Specifically, once passed, the Employment Standards Act, 2000 will prohibit an employer from entering “into an employment contract or other agreement with an employee that is, or that includes a non-compete agreement.” 

A “non-compete agreement” is defined in the legislation to mean: 

“an agreement, or any part of an agreement, between an employer and an employee that prohibits the employee from engaging in any business, work, occupation, profession, project or other activity that is in competition with the employer’s business after the employment relationship between the employer and the employee ends.”

If an employer contravenes the legislation and enters into a non-compete arrangement with an employee, the legislation will deem the agreement to be void.

Not applicable with respect to sale of a business
It is important to note that Canadian courts have treated non-competition clauses differently when they arise in the context of a sale of a business. When someone buys a business from someone else, the courts have held that it is entirely reasonable for a purchaser to expect that the vendor will not go out and immediately compete with the purchaser who just acquired the business. This exception will be recognized in the amended legislation as follows:

“If there is a sale of a business or a part of a business and, as a part of the sale, the purchaser and seller enter into an agreement that prohibits the seller from engaging in any business, work, occupation, profession, project or other activity that is in competition with the purchaser’s business after the sale and, immediately following the sale, the seller becomes an employee of the purchaser, subsection (1) does not apply with respect to that agreement.”

Takeaways for employers
The cannabis industry is one where employees are more likely to move from one business to a competitor, rather than move into a new industry entirely. This is likely due to the specialized skills that employees develop during their employment, especially with respect to cultivation, extraction, and processing. Just because employers in Ontario will soon be prohibited from utilizing non-competition clauses in employment agreements, it does not mean that they need to be completely exposed to having their employees rush off to competitors and divulge all the employer’s trade secrets. Steps such as the following can be taken by the employer to try to continue to protect its legitimate business interests:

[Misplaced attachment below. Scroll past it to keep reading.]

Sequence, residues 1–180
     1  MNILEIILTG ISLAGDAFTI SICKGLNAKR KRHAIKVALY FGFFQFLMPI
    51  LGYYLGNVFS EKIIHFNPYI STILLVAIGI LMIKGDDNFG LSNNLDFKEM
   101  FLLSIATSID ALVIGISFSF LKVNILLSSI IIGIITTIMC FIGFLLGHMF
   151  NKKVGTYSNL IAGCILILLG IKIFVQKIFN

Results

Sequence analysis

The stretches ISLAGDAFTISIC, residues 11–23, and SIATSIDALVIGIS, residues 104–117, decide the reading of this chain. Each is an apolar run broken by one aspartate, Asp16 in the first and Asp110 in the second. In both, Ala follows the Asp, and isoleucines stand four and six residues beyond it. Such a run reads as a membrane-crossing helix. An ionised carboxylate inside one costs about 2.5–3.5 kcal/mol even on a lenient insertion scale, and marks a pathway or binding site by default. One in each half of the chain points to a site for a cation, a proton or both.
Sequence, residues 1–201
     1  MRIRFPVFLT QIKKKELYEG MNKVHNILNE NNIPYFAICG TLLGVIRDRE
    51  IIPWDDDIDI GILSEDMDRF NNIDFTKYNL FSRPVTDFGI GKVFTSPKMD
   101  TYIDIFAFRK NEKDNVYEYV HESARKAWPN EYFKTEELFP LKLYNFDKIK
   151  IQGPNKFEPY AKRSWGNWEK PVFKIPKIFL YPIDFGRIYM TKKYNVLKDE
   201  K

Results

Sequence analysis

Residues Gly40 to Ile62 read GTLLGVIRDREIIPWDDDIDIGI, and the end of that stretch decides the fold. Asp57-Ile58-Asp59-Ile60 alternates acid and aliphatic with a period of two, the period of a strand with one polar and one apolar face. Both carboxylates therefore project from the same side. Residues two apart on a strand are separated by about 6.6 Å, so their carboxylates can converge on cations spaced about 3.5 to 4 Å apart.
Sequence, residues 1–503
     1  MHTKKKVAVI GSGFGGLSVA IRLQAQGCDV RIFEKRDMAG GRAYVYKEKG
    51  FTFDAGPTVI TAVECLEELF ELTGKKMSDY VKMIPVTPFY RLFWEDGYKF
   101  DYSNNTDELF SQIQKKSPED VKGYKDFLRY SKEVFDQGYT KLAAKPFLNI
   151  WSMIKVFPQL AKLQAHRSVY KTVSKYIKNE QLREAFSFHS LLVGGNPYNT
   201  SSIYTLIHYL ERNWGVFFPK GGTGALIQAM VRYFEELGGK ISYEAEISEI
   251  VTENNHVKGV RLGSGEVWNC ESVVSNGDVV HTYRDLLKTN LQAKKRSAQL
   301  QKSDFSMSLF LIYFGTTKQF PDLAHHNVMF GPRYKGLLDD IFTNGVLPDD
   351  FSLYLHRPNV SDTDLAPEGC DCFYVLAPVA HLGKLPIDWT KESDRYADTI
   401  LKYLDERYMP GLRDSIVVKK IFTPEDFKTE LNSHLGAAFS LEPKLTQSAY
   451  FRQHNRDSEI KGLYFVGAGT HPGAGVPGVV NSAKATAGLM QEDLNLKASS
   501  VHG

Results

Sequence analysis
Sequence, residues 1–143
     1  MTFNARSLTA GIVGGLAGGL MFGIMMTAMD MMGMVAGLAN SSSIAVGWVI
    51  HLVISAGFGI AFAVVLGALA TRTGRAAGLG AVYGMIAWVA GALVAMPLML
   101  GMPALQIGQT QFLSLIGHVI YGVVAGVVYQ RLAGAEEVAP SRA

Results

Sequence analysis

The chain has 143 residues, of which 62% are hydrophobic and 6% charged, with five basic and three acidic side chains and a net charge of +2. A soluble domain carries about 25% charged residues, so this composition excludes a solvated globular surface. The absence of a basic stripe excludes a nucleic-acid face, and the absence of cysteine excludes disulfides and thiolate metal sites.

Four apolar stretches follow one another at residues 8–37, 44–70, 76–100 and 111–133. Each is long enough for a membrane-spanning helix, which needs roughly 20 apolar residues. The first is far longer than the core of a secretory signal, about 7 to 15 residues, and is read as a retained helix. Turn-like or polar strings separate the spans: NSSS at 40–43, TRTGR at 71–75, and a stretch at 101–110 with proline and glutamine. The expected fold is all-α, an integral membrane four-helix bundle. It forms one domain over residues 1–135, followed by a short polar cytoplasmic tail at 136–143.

Continue to employ non-solicitation clauses and confidentiality clauses:
Just because employers will not be permitted to prevent employees from working for their competitors does not mean that employers cannot continue to contractually prohibit employees from soliciting former colleagues, customers, and suppliers to come with them to their new employment. Similarly, employers will still be fully permitted to contractually restrict the use that can be made of confidential information that is acquired during the term of the employee’s employment.

Be more judicious in what information is given to employees:
Knowing that employees will soon be permitted to work for competitors if they so desire, employers should be conscious about only disclosing information to employees that is necessary for them to carry out their job responsibilities. If an employee does not need access to customer or supplier lists, or to the employer’s ‘secret sauce’, that information should not be made available to them. 

Matt Maurer is a partner and co-chair of the Cannabis Law Group at Torkin Manes LLP in Toronto.